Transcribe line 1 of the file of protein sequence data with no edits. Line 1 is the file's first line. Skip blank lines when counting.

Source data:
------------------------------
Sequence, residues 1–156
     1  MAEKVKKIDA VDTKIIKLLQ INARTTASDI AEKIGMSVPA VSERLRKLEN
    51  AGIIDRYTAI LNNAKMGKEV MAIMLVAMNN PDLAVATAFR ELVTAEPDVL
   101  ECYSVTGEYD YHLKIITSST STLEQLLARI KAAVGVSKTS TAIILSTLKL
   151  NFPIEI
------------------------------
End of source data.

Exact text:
Sequence, residues 1–156